Published: March 2014
Pages: 288

Among the many literary greats that South India has ever produced, it was the essence of author R K Narayan that was etched in author Mahesh Rao’s mind. He was fascinated by Narayan’s fictional city Malgudi and he began to wonder what Malgudi would look like if it were to appear in a novel today. That was how the idea of the book, ‘The Smoke is Rising,’ a book about a smaller Indian city very much like Malgudi first came to life. Then as the novel took shape, it became an expansive portrait of Mysore with stories of three women at its heart.

The author, lawyer and academic researcher, Mahesh was recently at Atta Galatta for a book reading event and in an interview he talks about the book and his journey as a writer.

Mahesh RaoThe premise of ‘The Smoke is Rising’

At the centre of the book is HeritageLand, Asia’s largest theme park. This park is set to make its foray into Mysore but most of its residents have strong opinions on what this will mean for them. So it’s a story about the imminent transformation of the city and about who wins and who loses as a result of this process. Mahesh adds, “These struggles become a sort of white noise to many of us who live in India’s growing cities — we are vaguely conscious of them and there is little engagement beyond that. I wanted to show that in the novel by foregrounding the personal stories of the three main characters — Susheela, Uma and Mala, while the clamour in the background increases.”

The creative process

Having lived in Mysore, he didn’t have to do much active research for this book. He states, “I just had to walk around looking and listening. It’s the story of a city and so the realities of Mysore offered me the broad canvas that I required. I hope the different strands in the book show both the energy and the stasis of its setting.”

Unlike most writers, for Mahesh the challenges came only after he had written the book. He opines, “I think you really have to be prepared for what a long and uncompromising process submitting your work to agents and publishers can be. And the process is never complete for as long as you wish to write. There’s always anxieties about the next book and the next and the one after that.”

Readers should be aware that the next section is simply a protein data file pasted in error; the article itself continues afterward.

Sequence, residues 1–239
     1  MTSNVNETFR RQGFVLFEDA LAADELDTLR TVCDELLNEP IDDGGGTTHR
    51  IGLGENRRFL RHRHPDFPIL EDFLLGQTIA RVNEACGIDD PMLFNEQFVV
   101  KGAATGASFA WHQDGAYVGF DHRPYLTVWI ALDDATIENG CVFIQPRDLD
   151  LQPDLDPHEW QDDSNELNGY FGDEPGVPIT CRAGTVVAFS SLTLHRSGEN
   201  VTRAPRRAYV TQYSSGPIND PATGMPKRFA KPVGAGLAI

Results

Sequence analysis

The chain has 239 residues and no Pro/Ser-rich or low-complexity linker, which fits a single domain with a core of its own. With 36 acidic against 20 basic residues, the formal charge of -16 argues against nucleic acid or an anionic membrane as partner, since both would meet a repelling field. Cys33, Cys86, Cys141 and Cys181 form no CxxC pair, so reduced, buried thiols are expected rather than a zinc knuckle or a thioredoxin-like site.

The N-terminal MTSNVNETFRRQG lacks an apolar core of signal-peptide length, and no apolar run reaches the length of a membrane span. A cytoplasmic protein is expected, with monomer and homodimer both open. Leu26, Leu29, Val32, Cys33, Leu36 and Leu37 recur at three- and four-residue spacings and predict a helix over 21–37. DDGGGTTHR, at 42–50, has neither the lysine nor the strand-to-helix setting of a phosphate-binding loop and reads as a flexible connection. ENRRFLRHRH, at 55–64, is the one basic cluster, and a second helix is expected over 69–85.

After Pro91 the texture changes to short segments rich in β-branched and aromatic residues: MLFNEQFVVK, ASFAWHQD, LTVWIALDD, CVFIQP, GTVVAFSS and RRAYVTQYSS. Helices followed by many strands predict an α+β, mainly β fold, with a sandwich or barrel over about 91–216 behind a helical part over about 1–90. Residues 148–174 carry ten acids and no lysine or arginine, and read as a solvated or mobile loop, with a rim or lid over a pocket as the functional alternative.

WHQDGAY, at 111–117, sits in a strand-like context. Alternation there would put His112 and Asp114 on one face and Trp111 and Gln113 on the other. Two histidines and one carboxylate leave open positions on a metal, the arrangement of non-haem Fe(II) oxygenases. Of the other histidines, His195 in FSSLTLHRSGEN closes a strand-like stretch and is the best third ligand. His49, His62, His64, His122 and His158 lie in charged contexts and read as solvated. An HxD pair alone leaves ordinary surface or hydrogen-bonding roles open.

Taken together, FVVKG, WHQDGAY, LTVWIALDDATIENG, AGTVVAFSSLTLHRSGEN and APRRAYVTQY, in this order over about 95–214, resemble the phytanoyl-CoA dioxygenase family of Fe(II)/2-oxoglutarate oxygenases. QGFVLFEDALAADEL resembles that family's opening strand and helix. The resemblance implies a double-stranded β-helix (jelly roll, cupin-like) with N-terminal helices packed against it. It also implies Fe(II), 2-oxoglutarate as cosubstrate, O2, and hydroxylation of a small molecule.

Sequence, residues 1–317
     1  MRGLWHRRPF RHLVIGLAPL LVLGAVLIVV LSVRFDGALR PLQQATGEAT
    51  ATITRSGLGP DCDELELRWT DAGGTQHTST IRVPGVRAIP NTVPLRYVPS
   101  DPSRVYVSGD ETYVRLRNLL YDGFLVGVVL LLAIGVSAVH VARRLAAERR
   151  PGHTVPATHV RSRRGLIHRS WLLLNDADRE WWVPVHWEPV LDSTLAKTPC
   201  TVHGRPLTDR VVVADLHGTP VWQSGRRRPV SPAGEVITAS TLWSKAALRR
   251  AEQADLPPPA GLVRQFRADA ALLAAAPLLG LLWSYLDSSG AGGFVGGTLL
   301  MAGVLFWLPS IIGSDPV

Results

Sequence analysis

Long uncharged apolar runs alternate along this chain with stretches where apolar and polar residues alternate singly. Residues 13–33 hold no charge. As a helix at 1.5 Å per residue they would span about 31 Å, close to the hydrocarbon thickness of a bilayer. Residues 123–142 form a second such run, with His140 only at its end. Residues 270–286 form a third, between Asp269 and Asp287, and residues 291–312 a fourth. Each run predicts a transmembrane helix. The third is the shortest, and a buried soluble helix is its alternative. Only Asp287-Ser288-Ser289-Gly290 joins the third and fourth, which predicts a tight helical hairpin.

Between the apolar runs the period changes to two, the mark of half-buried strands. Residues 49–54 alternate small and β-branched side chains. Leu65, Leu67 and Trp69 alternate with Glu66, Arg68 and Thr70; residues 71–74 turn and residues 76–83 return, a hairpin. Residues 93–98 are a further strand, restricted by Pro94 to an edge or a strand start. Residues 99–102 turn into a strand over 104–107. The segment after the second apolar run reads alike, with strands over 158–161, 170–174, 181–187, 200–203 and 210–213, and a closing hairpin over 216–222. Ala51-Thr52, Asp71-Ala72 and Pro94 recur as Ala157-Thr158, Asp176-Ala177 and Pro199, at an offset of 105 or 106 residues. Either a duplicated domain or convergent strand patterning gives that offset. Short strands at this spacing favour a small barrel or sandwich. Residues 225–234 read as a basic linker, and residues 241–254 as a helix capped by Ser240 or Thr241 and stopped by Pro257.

After he completed his book, Mahesh I began to write short stories as he waited to hear the fate of the novel. These stories, he says, have been very challenging to write — that strong focus on shape and brevity. He adds, “But I do think they can make you a better writer of novels too. The discipline of moving from sentence to sentence, justifying each one, focusing on a compressed structure — it changes how you view the chapters in a novel. There is less of a risk of being ill-disciplined with form and flow.”

Who are his literary influences?

He answers, “There are dozens and dozens. So I’ll just name a few whose work I’ve revisited in the last few months: Vladimir Nabokov, Muriel Spark, Junichiro Tanizaki, William Trevor, Graham Greene, Lydia Davis, SH Manto and Nadine Gordimer.”

What’s his advice for aspiring writers?

“Do it because it gives you a warm feeling, and you would feel lost and wretched without it, not because of any perceived rewards. It sounds harsh but it needs to be said: those rewards may never come or they may stop coming, no matter how deserving the writing. So you need to remind yourself every day of the real reason why you’re doing it,” he concludes.

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First published in The New Indian Express